This is the fifth in a series of blogs from Seahawks safety Deon Grant, beginning his second season with the Seahawks and ninth in the NFL. A second round draft choice by the Carolina Panthers in 2000 out of Tennessee, he played four years with the Panthers before signing a 3-year free agent contract with the Jacksonville Jaguars. The Seahawks snared him in free agency prior to the 2007 season. Grant will blog periodically throughout training camp for Seahawks.com on his experience and perceptions with the Seahawks. Grant, 29, spent his rookie year on injured reserve and has started 112 consecutive games since, the most of any other safety in the NFL.
Looking back on the game at Minnesota, I thought the young guys played awesome - offense and defense. To put up that many points showed a lot from the offense, and the second and third defenses allowed only three points, they were real good.
The first group on offense really did the job too, coming down and scoring. But it was a game that was much needed for the first defense because we're a veteran group. It just showed us we need to work hard and realize what got us to the point we think we're at right now. Just because we think it, doesn't mean we're there. That game was a reminder that we've got to pick it up and never go out flat.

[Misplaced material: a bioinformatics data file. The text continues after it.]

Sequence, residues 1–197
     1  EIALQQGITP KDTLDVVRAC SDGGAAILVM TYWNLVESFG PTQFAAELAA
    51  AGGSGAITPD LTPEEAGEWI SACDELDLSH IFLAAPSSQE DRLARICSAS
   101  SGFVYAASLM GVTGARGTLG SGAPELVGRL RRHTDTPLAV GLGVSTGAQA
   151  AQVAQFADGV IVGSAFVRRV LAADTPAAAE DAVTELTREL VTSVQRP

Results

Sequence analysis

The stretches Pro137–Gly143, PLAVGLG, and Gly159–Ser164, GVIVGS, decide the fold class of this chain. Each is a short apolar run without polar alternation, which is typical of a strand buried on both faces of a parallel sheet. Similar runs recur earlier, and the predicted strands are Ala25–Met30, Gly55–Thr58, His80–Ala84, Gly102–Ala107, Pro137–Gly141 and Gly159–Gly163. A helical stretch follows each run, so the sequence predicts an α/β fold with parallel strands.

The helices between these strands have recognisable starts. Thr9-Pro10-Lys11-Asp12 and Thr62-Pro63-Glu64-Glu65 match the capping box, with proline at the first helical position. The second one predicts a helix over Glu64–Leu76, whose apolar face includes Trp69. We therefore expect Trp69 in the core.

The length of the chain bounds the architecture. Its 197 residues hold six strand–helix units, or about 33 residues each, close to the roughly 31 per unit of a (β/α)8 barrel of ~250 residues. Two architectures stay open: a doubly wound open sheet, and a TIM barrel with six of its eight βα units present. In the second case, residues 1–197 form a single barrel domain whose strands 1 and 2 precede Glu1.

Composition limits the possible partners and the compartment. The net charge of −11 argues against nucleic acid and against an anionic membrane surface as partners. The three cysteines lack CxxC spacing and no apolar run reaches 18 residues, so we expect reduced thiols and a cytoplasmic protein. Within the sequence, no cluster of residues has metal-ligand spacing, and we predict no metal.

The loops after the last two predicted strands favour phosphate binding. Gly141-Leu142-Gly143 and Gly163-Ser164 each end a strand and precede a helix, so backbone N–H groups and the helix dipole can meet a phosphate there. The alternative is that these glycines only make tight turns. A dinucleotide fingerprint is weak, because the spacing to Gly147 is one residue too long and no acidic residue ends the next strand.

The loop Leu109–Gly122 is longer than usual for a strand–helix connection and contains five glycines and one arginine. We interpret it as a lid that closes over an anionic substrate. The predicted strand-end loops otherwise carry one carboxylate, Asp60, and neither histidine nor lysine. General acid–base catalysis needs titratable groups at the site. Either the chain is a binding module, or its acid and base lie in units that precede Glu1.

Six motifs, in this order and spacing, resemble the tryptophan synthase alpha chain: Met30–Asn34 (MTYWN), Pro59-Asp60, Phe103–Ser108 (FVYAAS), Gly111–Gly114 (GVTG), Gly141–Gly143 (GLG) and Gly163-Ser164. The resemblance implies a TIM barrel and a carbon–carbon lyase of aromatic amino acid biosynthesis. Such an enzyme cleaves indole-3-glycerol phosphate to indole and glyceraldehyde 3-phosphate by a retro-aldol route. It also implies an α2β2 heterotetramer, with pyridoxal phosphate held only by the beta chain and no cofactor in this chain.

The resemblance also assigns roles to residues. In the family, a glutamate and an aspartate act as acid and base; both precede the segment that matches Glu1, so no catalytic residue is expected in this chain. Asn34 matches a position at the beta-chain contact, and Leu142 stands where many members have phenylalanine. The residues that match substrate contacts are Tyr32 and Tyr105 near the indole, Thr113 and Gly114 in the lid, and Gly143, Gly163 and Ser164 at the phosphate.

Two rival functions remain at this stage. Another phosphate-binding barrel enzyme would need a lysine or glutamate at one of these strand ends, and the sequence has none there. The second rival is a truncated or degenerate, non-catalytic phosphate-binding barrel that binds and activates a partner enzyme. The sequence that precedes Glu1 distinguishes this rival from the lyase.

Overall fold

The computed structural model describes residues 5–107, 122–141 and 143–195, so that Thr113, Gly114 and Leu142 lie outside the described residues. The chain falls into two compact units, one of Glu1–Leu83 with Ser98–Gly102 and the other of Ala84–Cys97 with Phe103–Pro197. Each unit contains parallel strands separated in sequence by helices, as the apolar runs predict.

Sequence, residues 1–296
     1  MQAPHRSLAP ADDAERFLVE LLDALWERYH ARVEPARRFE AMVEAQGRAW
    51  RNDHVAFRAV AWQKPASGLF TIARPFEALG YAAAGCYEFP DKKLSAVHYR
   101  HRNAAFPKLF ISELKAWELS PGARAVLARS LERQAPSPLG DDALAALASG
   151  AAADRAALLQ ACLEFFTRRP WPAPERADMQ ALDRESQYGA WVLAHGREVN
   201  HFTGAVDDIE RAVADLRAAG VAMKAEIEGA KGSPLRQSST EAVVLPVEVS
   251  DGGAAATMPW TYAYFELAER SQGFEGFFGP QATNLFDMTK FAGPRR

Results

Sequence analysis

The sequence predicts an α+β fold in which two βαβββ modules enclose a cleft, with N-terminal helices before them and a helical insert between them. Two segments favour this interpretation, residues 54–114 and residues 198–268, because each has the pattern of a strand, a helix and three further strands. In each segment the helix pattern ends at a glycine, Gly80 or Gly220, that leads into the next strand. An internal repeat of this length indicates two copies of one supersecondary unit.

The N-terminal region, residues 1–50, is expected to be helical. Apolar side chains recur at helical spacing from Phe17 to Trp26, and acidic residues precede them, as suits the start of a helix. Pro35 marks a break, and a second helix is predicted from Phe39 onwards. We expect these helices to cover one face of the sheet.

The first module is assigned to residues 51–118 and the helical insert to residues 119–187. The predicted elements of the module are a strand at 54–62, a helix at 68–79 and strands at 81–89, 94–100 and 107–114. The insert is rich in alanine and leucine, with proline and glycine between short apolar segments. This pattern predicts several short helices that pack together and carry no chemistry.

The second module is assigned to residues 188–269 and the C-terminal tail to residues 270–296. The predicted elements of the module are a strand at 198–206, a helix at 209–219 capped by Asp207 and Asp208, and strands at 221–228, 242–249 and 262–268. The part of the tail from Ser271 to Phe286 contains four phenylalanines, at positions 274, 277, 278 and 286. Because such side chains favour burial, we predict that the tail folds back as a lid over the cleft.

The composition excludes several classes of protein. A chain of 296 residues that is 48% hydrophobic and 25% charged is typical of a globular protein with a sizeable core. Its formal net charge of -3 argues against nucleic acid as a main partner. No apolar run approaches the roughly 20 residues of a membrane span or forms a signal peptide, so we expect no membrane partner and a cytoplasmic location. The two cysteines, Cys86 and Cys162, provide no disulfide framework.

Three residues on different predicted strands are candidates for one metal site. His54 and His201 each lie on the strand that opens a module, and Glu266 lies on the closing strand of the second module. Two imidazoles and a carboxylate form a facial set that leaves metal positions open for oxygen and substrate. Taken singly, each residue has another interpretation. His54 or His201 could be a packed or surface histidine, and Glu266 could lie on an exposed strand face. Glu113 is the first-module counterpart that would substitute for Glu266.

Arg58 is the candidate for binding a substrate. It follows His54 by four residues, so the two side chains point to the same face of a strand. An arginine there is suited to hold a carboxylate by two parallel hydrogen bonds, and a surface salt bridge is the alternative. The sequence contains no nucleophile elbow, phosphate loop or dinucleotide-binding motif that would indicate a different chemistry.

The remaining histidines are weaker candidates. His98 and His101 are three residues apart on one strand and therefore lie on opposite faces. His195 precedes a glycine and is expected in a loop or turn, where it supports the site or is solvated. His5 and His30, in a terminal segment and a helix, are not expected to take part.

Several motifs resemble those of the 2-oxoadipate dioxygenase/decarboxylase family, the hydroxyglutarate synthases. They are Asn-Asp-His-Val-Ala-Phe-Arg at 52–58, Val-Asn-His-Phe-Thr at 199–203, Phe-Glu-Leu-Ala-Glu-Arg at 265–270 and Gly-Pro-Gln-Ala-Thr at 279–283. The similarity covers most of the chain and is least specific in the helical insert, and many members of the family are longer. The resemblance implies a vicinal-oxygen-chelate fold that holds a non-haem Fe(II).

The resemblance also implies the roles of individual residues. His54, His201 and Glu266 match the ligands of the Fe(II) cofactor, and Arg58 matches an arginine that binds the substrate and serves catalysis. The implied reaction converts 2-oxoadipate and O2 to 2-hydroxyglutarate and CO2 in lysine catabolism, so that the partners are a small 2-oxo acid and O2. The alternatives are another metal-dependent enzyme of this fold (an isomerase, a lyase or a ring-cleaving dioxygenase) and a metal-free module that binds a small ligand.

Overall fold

It was some of thinking about Adrian Peterson when we shouldn't have been. Also, when you don't game plan a team - we don't do that in the preseason - it can be different. That game was more a case of bad eyes and bad leverage. Even though we didn't game plan, they didn't beat us on tricky stuff. They just beat us on bad eyes - regular bootlegs and play action. We had bad angles on certain tackles, and we took bad angles on certain breaks in pass coverage.
There were a bunch of things we didn't do right, and that's what we have to straighten that out, and there are ways to do that. We have to make sure when we don't game plan somebody in the preseason or our game plan is not up to par in the regular season, we have to be direct on our keys as far as leverage and eyes.
Basics should never be something that we have to get back to ... that's something we talked about in the first meeting after the game. That's something that should happen naturally. We all know the basics. It's not like we should have to go back to practice and spend a whole day working on. That's something instilled in us since Day 1 when we got to Seattle, so we've just got to get back to doing what we know how to do and make sure every time we step out on that field we do it to the best of our ability.
One thing we said as a defense - especially Lofa (Tatupu) and I - we can't come out as a defense cause a turnover or two and think we've got the game won. We've got to play the game the same way from the time we step on the field until the game is over.
We can't forget that we did that in Green Bay (last year), caused two turnovers, took the lead, and they ran up the score on us because we couldn't stop them. We did the same thing last week - caused a fumble, we scored, and then they put up 14 points on us.
So we know when we are on that field, we have to give 110 percent every time, be correct on everything we do, and stay that way until we get off that field. That's what this week will be all about for us against Chicago - get back to doing what we know how to do and build from that each week.